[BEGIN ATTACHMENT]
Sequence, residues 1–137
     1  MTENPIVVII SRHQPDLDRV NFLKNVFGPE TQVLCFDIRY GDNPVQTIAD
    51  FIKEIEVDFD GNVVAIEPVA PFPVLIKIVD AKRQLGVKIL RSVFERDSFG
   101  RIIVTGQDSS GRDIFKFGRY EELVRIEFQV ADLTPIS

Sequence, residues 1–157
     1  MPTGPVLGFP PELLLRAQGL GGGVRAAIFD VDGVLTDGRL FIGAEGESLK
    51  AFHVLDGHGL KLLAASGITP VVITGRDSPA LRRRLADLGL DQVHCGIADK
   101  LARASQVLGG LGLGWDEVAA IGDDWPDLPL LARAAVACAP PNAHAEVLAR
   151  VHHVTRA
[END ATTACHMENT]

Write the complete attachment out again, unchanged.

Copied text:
Sequence, residues 1–137
     1  MTENPIVVII SRHQPDLDRV NFLKNVFGPE TQVLCFDIRY GDNPVQTIAD
    51  FIKEIEVDFD GNVVAIEPVA PFPVLIKIVD AKRQLGVKIL RSVFERDSFG
   101  RIIVTGQDSS GRDIFKFGRY EELVRIEFQV ADLTPIS

Sequence, residues 1–157
     1  MPTGPVLGFP PELLLRAQGL GGGVRAAIFD VDGVLTDGRL FIGAEGESLK
    51  AFHVLDGHGL KLLAASGITP VVITGRDSPA LRRRLADLGL DQVHCGIADK
   101  LARASQVLGG LGLGWDEVAA IGDDWPDLPL LARAAVACAP PNAHAEVLAR
   151  VHHVTRA